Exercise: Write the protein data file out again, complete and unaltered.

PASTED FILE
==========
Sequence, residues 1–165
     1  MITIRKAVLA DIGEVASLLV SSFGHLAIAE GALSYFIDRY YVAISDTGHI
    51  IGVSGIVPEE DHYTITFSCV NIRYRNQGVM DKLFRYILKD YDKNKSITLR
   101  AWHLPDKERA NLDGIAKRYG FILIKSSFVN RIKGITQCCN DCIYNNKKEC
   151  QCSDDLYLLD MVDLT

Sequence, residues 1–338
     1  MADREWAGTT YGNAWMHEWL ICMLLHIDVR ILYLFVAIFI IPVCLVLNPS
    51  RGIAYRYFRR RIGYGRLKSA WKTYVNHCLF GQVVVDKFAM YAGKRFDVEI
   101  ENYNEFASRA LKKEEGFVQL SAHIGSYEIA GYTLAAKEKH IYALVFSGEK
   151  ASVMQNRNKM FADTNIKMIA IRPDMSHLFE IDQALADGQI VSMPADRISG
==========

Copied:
Sequence, residues 1–165
     1  MITIRKAVLA DIGEVASLLV SSFGHLAIAE GALSYFIDRY YVAISDTGHI
    51  IGVSGIVPEE DHYTITFSCV NIRYRNQGVM DKLFRYILKD YDKNKSITLR
   101  AWHLPDKERA NLDGIAKRYG FILIKSSFVN RIKGITQCCN DCIYNNKKEC
   151  QCSDDLYLLD MVDLT

Sequence, residues 1–338
     1  MADREWAGTT YGNAWMHEWL ICMLLHIDVR ILYLFVAIFI IPVCLVLNPS
    51  RGIAYRYFRR RIGYGRLKSA WKTYVNHCLF GQVVVDKFAM YAGKRFDVEI
   101  ENYNEFASRA LKKEEGFVQL SAHIGSYEIA GYTLAAKEKH IYALVFSGEK
   151  ASVMQNRNKM FADTNIKMIA IRPDMSHLFE IDQALADGQI VSMPADRISG